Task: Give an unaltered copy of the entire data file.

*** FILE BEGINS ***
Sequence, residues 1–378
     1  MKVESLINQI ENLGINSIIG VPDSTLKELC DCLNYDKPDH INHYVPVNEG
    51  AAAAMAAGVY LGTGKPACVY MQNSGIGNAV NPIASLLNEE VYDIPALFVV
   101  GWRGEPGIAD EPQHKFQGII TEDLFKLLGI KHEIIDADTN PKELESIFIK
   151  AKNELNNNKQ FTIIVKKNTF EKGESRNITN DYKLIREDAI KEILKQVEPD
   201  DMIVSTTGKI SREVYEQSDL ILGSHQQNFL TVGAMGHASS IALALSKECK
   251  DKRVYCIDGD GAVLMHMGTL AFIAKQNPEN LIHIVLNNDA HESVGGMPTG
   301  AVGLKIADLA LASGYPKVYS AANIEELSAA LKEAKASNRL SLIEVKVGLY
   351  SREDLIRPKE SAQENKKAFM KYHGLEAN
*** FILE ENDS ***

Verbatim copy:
Sequence, residues 1–378
     1  MKVESLINQI ENLGINSIIG VPDSTLKELC DCLNYDKPDH INHYVPVNEG
    51  AAAAMAAGVY LGTGKPACVY MQNSGIGNAV NPIASLLNEE VYDIPALFVV
   101  GWRGEPGIAD EPQHKFQGII TEDLFKLLGI KHEIIDADTN PKELESIFIK
   151  AKNELNNNKQ FTIIVKKNTF EKGESRNITN DYKLIREDAI KEILKQVEPD
   201  DMIVSTTGKI SREVYEQSDL ILGSHQQNFL TVGAMGHASS IALALSKECK
   251  DKRVYCIDGD GAVLMHMGTL AFIAKQNPEN LIHIVLNNDA HESVGGMPTG
   301  AVGLKIADLA LASGYPKVYS AANIEELSAA LKEAKASNRL SLIEVKVGLY
   351  SREDLIRPKE SAQENKKAFM KYHGLEAN